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Data from: Restriction site-associated DNA sequencing for SNP discovery and high-density genetic map construction in southern catfish (Silurus meridionalis)

Citation

Xie, Mimi et al. (2018), Data from: Restriction site-associated DNA sequencing for SNP discovery and high-density genetic map construction in southern catfish (Silurus meridionalis), Dryad, Dataset, https://doi.org/10.5061/dryad.mr875

Abstract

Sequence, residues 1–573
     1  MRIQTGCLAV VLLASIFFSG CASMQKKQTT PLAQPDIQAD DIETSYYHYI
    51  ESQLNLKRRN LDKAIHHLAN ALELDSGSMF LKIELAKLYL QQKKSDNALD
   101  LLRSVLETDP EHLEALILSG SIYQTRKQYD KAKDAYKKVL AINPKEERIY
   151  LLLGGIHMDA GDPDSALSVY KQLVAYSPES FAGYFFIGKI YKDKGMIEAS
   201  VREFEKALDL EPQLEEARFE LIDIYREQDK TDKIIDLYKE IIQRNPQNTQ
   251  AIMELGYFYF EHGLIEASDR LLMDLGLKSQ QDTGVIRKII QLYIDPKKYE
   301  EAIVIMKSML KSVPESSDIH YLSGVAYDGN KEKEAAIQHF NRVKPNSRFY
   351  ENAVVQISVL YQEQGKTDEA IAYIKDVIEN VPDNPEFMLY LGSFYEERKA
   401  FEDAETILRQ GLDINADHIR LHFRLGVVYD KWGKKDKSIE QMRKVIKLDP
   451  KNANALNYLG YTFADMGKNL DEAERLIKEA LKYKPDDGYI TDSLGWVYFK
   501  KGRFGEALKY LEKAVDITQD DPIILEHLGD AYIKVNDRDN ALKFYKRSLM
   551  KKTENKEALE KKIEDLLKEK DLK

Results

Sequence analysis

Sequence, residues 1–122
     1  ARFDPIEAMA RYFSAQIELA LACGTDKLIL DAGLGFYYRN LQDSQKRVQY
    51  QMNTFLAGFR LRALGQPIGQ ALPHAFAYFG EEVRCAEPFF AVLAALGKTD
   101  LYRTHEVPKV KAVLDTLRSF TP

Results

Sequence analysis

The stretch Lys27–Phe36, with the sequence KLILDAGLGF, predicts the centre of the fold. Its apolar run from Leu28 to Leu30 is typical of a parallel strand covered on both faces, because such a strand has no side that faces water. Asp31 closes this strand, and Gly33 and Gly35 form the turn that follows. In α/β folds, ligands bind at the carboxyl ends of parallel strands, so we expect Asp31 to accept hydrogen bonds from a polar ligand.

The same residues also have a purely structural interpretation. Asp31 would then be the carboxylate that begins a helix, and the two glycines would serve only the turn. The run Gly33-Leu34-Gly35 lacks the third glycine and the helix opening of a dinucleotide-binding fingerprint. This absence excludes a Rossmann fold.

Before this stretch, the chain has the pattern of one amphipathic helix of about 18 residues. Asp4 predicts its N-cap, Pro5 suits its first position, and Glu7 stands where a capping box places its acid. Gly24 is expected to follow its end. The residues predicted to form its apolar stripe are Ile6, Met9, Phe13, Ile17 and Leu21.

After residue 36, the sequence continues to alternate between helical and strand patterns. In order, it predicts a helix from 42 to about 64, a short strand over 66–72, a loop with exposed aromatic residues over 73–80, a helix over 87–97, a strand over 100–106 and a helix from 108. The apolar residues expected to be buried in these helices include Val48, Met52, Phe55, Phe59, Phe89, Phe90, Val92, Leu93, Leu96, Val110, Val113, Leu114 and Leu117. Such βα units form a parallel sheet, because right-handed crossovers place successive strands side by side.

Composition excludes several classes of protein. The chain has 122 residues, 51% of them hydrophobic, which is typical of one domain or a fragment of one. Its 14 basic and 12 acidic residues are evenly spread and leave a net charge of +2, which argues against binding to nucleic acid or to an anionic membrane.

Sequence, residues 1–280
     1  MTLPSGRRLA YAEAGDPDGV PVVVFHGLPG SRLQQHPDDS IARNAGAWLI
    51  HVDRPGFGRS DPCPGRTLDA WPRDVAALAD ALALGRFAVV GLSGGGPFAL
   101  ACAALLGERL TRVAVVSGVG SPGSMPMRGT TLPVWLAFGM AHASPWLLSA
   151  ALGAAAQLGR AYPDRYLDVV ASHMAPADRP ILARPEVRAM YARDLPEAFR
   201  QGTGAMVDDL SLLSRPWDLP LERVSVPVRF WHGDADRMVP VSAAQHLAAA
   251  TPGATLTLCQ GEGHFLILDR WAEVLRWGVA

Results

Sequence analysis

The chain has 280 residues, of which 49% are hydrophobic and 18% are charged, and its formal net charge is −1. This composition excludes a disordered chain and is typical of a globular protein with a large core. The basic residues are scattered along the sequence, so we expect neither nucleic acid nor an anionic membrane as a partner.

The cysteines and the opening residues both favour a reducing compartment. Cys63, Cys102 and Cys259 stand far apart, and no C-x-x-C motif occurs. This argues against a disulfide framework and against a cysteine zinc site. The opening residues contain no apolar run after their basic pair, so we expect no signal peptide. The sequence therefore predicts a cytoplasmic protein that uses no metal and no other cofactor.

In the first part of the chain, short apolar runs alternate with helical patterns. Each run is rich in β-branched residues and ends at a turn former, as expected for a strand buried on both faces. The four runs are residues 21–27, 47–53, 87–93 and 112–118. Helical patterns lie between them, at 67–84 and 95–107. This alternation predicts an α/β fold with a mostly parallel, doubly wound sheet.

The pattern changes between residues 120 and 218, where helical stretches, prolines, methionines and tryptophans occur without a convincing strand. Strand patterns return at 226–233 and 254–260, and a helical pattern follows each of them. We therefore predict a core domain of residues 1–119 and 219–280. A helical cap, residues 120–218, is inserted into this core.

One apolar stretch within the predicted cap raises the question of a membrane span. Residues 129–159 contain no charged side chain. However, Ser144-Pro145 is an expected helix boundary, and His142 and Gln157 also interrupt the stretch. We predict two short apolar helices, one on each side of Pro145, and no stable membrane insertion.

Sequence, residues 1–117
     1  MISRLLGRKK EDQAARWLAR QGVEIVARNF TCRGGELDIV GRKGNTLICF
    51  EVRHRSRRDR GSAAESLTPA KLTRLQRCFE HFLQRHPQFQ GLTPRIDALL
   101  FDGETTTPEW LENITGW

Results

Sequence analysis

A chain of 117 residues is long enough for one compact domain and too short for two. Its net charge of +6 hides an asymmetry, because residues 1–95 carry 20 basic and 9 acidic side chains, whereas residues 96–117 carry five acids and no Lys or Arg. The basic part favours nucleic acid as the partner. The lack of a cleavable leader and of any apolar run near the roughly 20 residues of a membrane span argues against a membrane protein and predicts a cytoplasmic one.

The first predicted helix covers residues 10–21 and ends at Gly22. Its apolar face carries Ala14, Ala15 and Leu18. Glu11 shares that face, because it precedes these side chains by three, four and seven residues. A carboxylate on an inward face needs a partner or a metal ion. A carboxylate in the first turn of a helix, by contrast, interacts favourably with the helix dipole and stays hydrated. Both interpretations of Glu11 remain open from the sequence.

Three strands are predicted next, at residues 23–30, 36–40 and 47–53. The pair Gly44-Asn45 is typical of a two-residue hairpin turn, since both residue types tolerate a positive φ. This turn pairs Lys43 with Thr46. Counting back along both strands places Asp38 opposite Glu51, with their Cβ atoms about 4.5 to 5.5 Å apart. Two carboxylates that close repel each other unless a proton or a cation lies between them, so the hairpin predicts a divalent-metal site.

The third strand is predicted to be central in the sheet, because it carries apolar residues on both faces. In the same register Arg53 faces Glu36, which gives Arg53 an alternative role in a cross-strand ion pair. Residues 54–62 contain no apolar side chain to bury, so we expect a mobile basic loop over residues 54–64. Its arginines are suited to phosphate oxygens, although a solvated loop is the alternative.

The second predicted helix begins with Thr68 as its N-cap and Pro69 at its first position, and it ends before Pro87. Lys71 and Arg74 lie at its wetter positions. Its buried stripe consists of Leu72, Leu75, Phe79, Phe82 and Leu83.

Single nucleotide polymorphism (SNP) markers and high-density genetic maps are important resources for marker-assisted selection, mapping of quantitative trait loci (QTLs), and genome structure analysis. Although linkage maps in certain catfish species have been obtained, high-density maps remain unavailable in the economically important southern catfish (Silurus meridionalis). Recently developed restriction site-associated DNA (RAD) markers have proven to be a promising tool for SNP detection and genetic map construction. The objective of this study was to construct a high-density linkage map using SNPs generated by next-generation RAD sequencing in S. meridionalis for future genetic and genomic studies. An F1 population of 100 individuals was obtained by intraspecific crossing of two wild heterozygous individuals. In total, 77,634 putative high-quality biallelic SNPs between the parents were discovered by mapping the parents’ paired-end RAD reads onto the reference contigs from both parents, of which 54.7% were transitions and 45.3% were transversions (transition/transversion ratio of 1.2). Finally, 26,714 high-quality RAD markers were grouped into 29 linkage groups by using de novo clustering methods (Stacks). Among these markers, 4,514 were linked to the female genetic map, 23,718 to the male map, and 6,715 effective loci were linked to the integrated map spanning 5,918.31 centimorgans (cM), with an average marker interval of 0.89 cM. High-resolution genetic maps are a useful tool for both marker-assisted breeding and various genome investigations in catfish, such as sequence assembly, gene localisation, QTL detection, and genome structure comparison. Hence, such a high-density linkage map will serve as a valuable resource for comparative genomics and fine-scale QTL mapping in catfish species.

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